Being forced to have a proper youth development system means that there will always be a cycle of young and exciting talent emerging. The league can never become stagnant once a particular generation of players retires.
The promotion and relegation system certainly has its benefits as well, though.
In the WSL, every game matters. There is intense excitement to the season when, at the back end of the season, there are both title-deciding games and relegation six-pointers.
This means that you’re unlikely to see young players feature in high-stake matches in the WSL. Yet the NWSL, which has a playoff system, will have several matches, especially near the end of the season, that really do not matter in the grand scheme of things.
Fans of the NWSL can always look forward to following young players on their journey to the top, whereas in the WSL, it is again more about putting out the highest quality of players on the pitch and points on the board.
So which league is better?
It’s a tough one to answer. Whether intentional or not, the NWSL league relies on growing the game through appealing directly to fans, while the WSL relies on star-played power.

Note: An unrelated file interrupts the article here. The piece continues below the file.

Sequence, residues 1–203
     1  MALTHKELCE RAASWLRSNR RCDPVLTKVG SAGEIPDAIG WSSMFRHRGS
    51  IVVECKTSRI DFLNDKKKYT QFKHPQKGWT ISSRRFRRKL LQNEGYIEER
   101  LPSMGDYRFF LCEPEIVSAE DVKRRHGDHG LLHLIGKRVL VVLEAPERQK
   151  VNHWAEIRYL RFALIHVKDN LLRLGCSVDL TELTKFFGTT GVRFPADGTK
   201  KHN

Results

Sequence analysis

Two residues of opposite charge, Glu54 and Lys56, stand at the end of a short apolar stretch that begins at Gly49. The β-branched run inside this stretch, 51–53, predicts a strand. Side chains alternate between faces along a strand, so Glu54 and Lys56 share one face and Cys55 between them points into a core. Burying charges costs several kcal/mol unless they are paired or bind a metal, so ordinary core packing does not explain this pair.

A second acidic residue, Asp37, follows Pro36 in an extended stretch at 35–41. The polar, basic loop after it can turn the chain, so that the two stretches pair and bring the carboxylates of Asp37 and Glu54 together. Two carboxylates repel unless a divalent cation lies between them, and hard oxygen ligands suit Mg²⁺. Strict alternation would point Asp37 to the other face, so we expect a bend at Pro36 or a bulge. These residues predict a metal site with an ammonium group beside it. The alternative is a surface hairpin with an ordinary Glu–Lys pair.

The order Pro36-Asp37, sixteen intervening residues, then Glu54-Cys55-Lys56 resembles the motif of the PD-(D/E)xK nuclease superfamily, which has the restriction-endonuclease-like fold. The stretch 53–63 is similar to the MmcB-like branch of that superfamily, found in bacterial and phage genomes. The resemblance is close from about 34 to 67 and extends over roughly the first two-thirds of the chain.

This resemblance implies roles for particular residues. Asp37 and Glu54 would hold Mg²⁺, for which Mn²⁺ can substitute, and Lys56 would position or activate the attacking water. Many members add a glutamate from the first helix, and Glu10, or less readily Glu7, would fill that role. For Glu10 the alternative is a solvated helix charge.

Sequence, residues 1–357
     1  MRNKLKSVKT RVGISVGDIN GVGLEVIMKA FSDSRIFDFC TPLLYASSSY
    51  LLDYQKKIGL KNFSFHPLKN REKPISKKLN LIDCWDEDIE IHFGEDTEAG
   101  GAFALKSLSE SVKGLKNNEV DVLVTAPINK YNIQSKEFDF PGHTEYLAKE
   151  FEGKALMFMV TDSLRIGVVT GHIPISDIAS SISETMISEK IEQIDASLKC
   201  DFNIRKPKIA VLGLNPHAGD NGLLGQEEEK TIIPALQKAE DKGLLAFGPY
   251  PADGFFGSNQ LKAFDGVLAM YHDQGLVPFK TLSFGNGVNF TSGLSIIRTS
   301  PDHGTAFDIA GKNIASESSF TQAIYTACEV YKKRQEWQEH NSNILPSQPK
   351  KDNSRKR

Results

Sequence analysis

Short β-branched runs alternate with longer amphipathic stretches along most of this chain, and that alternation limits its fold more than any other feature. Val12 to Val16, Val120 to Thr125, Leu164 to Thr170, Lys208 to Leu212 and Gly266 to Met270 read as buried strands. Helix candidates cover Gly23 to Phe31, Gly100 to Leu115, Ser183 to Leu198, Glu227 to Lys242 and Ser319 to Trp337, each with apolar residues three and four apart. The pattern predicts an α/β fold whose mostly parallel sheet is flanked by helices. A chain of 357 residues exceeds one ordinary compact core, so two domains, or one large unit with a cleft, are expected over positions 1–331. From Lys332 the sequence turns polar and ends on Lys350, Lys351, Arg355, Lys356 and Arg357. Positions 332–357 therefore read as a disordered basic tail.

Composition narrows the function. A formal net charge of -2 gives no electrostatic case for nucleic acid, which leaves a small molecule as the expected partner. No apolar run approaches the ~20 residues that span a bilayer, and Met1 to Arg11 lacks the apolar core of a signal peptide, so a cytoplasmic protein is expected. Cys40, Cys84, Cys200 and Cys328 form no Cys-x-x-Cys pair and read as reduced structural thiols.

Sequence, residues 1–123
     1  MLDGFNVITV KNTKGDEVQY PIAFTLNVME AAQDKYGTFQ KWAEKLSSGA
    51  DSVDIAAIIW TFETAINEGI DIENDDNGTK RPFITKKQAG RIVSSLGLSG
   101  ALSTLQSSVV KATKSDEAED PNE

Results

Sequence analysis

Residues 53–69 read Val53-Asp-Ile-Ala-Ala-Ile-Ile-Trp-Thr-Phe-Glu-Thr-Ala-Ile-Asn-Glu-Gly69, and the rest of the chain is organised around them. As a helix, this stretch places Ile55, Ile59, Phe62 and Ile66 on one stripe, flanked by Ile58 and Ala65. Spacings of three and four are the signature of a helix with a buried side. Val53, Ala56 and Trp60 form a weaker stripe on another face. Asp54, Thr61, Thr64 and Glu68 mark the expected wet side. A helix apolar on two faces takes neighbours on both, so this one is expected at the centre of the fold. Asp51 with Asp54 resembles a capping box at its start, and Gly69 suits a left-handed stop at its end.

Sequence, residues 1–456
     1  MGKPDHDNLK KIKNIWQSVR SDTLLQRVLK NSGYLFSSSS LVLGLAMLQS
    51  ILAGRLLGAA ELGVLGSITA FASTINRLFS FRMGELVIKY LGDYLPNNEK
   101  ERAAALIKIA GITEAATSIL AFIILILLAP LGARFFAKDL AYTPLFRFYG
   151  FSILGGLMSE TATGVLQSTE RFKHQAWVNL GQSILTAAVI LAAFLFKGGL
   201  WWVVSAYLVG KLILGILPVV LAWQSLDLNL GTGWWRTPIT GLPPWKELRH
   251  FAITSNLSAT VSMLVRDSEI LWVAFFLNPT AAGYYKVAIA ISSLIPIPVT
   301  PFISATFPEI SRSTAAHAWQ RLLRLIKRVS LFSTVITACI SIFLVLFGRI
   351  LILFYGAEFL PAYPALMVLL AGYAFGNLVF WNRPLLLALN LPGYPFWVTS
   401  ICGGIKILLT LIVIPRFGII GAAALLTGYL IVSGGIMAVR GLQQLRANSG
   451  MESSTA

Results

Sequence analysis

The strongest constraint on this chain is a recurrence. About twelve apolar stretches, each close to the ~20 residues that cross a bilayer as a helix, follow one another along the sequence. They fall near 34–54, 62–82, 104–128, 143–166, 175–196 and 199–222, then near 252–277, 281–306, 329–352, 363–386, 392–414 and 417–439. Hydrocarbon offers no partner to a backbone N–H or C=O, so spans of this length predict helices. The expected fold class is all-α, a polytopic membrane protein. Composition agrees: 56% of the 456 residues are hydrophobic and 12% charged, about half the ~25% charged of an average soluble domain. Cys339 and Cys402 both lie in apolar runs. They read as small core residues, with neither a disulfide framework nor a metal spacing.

It should also be noted that women’s football should not be defined entirely by these two leagues.
The Primera Division currently boasts the best team in the world in Barcelona.
Division 1 Feminine has the best academies globally, making Olympique Lyonnais and Paris Saint-Germain some of the most competitive teams in Europe. There are strong arguments for other leagues to be considered as pillars for growing the game.
It’s unclear whether it’s language bias or if it’s part of the wider UK versus USA debate, but the fact is, the two leagues are constantly pitted against each other with fans, journalists, and players all constantly making a case for one or the other.
The NWSL have been much more clear on their goals to try and become the best and most dominant league. The WSL, on the other hand, have been much more tight-lipped.
The one aspect the two leagues do share is the load of talent. With continued investment, one can hope that both leagues continue to rise and elevate women’s football to greater heights.